Orion chief executive Peter Roche has called increasing e-book sales "welcome" but cautioned that they will put "more of a strain on bricks and mortar" bookselling. Roche was speaking to hundreds of authors, agents and employees at Orion's annual authors party, held in the Paul Hamlyn Hall of the Royal Opera House in central London.
Reviewing the past year, he said: "2010 has been another interesting year for the publishing industry", referencing the collapse of Borders in the UK [at the end of 2009], followed by that of Irish bookselling chain Hughes & Hughes, and British Bookshops going into adminstration. He added: "We hope that in this sense 2011 will be very much less interesting".
He put e-book sales at "in the region of 1-2%" for Orion in 2010, and estimated that this could grow to 4% in 2011. Roche also said that, in December, sales of e-books were 500% larger than the previous year, growing substantially "albeit from a small base". He said that while sales of e-books were primarily in fiction, new e-book devices should help provide more of a platform for illustrated and children's books.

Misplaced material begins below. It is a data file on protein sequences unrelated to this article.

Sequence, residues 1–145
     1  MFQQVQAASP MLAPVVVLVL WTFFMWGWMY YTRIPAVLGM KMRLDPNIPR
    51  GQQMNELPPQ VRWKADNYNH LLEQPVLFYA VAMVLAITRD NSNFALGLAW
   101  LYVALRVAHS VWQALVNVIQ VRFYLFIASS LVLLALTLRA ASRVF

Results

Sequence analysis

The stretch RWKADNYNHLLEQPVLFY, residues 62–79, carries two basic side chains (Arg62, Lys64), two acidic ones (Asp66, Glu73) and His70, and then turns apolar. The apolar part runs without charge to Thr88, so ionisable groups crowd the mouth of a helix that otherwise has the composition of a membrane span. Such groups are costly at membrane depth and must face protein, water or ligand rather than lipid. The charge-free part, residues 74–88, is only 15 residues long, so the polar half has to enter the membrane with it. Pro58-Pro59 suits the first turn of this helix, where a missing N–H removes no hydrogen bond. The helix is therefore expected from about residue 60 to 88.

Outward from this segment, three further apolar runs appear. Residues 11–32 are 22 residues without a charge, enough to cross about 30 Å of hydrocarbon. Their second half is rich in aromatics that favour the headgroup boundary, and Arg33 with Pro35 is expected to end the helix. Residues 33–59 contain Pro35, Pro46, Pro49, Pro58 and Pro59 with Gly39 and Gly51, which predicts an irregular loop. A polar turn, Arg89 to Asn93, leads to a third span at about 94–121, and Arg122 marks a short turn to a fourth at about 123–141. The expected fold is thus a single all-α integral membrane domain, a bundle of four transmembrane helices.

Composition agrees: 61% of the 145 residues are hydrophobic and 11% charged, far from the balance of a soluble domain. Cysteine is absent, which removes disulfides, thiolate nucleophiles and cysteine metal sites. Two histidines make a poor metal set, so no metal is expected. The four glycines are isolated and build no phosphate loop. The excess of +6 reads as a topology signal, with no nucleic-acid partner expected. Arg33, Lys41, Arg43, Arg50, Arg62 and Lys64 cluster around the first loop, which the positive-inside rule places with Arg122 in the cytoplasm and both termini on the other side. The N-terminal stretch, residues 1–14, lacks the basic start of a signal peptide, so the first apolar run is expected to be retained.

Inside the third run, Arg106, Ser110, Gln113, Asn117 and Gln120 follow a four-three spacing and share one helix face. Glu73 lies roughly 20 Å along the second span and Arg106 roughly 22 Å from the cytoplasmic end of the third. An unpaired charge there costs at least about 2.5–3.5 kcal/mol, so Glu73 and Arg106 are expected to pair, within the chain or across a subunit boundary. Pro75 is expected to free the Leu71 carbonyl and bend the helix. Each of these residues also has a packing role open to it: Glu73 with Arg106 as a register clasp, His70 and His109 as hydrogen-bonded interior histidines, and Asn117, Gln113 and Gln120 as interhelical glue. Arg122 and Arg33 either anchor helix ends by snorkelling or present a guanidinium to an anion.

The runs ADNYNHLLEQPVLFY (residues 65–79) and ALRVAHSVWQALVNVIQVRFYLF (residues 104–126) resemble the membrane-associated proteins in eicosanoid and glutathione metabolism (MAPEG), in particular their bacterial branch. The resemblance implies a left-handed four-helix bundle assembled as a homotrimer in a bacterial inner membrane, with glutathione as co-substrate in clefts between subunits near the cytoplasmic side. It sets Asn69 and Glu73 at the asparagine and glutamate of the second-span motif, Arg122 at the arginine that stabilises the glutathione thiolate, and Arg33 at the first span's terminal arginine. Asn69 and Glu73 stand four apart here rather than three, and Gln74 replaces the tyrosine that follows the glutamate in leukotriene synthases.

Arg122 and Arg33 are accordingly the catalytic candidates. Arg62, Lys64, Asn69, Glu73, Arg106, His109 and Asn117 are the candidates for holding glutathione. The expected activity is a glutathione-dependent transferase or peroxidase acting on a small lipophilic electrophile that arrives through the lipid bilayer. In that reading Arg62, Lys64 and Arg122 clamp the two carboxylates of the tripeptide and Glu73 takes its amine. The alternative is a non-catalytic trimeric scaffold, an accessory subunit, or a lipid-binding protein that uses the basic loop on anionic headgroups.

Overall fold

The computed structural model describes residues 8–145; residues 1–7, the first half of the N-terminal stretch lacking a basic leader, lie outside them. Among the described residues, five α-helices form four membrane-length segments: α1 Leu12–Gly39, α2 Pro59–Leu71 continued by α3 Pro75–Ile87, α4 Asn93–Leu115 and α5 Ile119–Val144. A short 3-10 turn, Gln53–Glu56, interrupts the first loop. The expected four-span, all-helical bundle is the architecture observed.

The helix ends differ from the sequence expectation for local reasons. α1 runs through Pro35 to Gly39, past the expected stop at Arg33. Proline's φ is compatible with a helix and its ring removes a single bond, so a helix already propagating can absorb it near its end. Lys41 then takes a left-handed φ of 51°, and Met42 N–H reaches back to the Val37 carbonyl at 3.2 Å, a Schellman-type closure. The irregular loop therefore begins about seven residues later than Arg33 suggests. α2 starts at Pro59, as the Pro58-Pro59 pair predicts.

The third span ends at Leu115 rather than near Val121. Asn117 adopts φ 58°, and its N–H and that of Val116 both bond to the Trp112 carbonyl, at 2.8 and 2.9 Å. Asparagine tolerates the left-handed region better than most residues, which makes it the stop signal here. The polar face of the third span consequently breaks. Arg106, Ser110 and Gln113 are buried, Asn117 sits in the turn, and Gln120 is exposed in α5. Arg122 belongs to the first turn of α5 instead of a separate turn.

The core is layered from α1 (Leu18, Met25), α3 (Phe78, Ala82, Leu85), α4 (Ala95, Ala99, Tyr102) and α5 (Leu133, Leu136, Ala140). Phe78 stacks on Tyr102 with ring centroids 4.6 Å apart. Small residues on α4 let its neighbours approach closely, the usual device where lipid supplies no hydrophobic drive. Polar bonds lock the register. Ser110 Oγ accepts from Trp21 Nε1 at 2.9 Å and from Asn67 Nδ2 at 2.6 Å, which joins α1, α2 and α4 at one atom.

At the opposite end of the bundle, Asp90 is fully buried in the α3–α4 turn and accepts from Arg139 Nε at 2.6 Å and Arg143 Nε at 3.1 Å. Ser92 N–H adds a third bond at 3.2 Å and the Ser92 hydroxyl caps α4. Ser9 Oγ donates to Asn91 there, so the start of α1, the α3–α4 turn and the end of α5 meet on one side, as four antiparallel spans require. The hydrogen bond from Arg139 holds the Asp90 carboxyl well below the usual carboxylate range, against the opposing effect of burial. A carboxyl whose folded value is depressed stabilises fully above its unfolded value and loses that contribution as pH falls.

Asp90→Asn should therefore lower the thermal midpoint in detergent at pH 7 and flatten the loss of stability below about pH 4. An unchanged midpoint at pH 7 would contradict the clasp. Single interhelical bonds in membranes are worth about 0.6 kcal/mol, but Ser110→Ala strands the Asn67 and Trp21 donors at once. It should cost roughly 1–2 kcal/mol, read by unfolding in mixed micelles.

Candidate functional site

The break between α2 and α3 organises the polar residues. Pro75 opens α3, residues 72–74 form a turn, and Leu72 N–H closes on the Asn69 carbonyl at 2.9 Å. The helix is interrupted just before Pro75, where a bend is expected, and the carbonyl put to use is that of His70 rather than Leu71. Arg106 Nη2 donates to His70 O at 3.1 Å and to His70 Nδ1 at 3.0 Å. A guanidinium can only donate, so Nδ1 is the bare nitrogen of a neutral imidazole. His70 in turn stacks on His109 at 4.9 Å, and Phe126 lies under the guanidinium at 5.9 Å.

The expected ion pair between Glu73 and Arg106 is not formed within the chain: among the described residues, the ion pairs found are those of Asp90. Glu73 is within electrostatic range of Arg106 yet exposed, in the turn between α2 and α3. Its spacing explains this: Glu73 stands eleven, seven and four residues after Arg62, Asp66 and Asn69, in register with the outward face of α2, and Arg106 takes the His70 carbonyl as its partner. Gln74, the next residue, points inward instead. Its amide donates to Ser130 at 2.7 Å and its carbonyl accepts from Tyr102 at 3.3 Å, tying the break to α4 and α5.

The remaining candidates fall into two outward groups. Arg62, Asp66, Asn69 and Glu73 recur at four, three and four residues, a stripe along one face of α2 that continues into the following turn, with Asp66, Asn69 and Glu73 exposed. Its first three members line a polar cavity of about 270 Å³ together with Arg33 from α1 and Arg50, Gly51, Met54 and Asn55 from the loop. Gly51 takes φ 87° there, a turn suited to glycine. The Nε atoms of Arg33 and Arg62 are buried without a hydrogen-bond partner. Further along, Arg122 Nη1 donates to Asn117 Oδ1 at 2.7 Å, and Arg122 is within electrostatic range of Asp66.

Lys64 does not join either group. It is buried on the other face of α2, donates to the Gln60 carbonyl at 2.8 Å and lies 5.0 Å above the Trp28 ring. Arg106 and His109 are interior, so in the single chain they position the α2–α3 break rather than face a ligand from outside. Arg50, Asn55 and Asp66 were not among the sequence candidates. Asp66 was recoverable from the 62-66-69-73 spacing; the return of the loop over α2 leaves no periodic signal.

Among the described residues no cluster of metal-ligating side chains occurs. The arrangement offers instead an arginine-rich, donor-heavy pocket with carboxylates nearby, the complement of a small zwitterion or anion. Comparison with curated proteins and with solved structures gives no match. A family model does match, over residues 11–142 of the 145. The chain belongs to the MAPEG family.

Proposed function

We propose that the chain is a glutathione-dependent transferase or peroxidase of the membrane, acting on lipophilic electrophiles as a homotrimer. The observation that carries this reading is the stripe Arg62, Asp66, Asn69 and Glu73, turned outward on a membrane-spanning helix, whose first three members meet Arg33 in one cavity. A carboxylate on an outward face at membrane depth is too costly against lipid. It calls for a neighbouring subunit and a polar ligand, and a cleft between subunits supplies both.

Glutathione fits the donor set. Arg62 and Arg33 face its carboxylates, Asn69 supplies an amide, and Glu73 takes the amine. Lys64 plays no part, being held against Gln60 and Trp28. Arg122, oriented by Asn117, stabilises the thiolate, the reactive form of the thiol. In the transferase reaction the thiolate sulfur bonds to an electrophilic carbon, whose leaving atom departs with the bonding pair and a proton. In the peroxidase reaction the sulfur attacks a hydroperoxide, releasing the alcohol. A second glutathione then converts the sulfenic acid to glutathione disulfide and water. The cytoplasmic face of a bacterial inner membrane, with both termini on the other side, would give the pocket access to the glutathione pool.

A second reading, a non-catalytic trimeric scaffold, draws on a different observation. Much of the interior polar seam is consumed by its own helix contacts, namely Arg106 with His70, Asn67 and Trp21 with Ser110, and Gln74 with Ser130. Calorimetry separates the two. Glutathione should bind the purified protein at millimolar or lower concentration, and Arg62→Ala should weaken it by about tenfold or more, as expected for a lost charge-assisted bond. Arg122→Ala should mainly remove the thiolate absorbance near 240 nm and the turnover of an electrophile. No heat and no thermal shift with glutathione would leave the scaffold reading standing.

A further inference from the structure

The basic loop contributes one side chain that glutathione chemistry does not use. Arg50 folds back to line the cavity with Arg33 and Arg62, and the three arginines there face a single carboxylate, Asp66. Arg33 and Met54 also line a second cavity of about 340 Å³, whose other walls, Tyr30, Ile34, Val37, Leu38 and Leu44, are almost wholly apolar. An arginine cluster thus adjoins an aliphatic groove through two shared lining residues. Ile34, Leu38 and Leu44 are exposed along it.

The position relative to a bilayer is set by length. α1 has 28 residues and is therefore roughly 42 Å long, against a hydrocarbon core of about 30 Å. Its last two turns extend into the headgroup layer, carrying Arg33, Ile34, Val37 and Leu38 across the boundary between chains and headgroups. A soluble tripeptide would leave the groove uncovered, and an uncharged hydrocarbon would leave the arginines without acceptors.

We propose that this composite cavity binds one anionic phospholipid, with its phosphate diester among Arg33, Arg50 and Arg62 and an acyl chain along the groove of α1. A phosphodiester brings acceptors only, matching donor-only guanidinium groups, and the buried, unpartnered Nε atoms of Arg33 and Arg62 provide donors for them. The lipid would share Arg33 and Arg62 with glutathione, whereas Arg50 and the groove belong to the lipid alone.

Speaking of the year ahead, Roche said: "We do expect 2011 to be another challenging year. It is amazing how in publishing, with all the challenges, we always come out on top", adding "I am personally optimistic".
He rounded off his speech by congratulating George Weidenfeld, who was unwell and could not attend, as well as Antonia Fraser and Julian Fellowes, who were at the party, for the recognition they received in the New Year's Honours list. Weidenfeld was appointed a Knight Grand Cross of the Order of the British Empire for his public service, with Fraser granted a Damehood and Fellowes becoming a member of the House of Lords.
Looking ahead to 2012 and Orion's 20th anniversary, Roche promised the "party to end all parties" at the Natural History Museum.